After India's independence in 1947, the building remained vacant until 1949, when it was converted into Osmania University College for Women. It is now under the management of the Archaeological Survey of India and is classified as a protected monument of historical value.

The good news is that this stunning and iconic residency was restored in September 2017. In the years following 2000, this grandiose building had fallen into a dilapidated state, reduced to total neglect for various reasons. This building, once a symbol of power, wealth, and the supremacy of the early colonial proxy government for the Crown, was almost ready to collapse. After restoration, it now looks impressive and well-maintained, standing proudly in the busy area of this old city.

The building features massive tall columns that cast shade on the veranda, a grand double stairway leading to a spacious ballroom with a high ceiling from which hang large chandeliers, and a balcony for guests to watch the dancing couples and the grand music stand where the band would play classical music, waltzes, and more. Rooms next to the ballroom were in ruins, with part of the roof caved in due to neglect, lack of repair work, and aging.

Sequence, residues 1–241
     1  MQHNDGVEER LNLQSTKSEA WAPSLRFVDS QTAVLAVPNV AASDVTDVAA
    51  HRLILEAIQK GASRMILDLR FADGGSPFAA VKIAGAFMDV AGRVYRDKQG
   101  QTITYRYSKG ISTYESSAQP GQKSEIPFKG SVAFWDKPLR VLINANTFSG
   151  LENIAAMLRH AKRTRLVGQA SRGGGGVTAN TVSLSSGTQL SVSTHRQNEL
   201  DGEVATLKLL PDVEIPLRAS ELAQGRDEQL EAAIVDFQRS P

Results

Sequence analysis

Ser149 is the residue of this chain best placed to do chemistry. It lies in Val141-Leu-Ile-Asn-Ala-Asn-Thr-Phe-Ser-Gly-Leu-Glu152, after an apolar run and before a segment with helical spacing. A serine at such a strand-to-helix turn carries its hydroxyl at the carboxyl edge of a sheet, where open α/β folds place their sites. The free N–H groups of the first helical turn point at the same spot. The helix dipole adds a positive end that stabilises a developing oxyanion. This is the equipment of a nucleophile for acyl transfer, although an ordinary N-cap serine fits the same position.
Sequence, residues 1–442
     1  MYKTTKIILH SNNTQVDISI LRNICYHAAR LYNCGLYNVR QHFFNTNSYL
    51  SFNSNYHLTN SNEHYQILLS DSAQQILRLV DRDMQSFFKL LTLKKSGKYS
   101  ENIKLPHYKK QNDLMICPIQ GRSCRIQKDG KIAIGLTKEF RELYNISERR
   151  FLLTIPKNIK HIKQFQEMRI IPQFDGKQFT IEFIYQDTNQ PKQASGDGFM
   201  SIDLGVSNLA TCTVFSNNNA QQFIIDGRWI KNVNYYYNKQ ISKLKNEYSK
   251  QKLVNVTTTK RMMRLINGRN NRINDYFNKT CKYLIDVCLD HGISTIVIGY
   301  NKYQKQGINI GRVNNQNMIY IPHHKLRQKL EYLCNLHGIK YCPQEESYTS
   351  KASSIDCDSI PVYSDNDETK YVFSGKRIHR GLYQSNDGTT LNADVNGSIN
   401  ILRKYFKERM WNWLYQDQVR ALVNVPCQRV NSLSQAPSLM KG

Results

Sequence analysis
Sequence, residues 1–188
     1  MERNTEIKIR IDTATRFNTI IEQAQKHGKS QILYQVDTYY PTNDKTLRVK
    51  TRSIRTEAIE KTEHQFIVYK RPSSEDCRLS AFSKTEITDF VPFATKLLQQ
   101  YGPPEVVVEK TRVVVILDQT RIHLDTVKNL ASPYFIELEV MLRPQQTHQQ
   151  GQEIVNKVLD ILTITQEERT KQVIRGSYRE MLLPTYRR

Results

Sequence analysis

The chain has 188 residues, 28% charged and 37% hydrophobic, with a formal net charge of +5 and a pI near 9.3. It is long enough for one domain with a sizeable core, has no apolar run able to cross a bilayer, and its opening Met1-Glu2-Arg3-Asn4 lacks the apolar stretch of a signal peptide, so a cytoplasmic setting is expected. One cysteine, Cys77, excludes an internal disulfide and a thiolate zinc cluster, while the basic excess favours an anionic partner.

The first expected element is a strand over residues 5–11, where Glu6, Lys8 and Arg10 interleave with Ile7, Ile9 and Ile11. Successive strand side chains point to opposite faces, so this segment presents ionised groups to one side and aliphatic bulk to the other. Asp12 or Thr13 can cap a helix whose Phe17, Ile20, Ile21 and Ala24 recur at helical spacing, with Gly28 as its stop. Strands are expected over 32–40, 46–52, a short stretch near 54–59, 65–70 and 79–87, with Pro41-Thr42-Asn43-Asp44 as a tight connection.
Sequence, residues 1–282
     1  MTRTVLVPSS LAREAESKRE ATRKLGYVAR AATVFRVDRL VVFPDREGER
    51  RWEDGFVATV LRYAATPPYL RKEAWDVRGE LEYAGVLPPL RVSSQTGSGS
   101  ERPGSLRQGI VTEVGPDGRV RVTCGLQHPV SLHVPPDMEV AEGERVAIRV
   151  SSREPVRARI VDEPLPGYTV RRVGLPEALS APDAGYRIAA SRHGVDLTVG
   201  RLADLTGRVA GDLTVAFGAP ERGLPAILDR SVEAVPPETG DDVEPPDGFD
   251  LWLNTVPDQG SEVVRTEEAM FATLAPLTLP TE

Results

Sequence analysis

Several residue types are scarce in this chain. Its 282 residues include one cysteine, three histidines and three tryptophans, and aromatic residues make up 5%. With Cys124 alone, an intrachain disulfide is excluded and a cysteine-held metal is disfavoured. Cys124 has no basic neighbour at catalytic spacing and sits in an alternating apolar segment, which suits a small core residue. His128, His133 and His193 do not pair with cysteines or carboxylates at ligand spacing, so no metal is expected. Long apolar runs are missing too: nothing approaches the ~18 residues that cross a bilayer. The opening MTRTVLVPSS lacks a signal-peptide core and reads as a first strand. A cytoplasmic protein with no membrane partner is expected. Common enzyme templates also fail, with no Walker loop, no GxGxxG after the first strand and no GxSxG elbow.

Though some parts of the building were not damaged, including the entrance gateway, they had lost their sheen due to the vagaries of weather. On the ground floor, the small rooms where they used to conduct classes were not well-lit and remained dark inside. Built amidst greenery on roughly 60 acres of land, the residency includes many buildings and stables for horses, which were apparently constructed around the same time as the main structure. Far removed from the buildings, within the confines of the residency boundaries, there is surprisingly a small English cemetery overgrown with wild plants, bushes, and vegetation. A small-scale model depicting the English residency is equally damaged and in need of immediate repair work. The grave of Kirkpatrick, who built the Residency, is at St. John's Church, Kolkata, West Bengal.

The restoration of the British Residency in Hyderabad has brought back to life a significant piece of colonial history. Its towering columns, grand ballroom, and extensive grounds now stand as a testament to the architectural prowess of the era and the historical significance of the building. The efforts to preserve such structures ensure that future generations can appreciate the rich cultural and historical heritage of Hyderabad.

Renovation on British residency,

The 200-year-old Residency,  is now open for the first time to the public in and is on the premises of the Osmania University College for Women, also popular as the Koti Women’s College. Plans are afoot to rename it as  the Telangana Women’s University. In 2002 it was one among the most dilapidated structures across the globe and it took 10 years to conserve it, Cost of renovation was around Rs. 17 crore. Osmania University took up the conservation work in collaboration with World Monuments Fund (WMF), National Culture Fund of Union Ministry of Culture and the State Department of Archaeology and Museums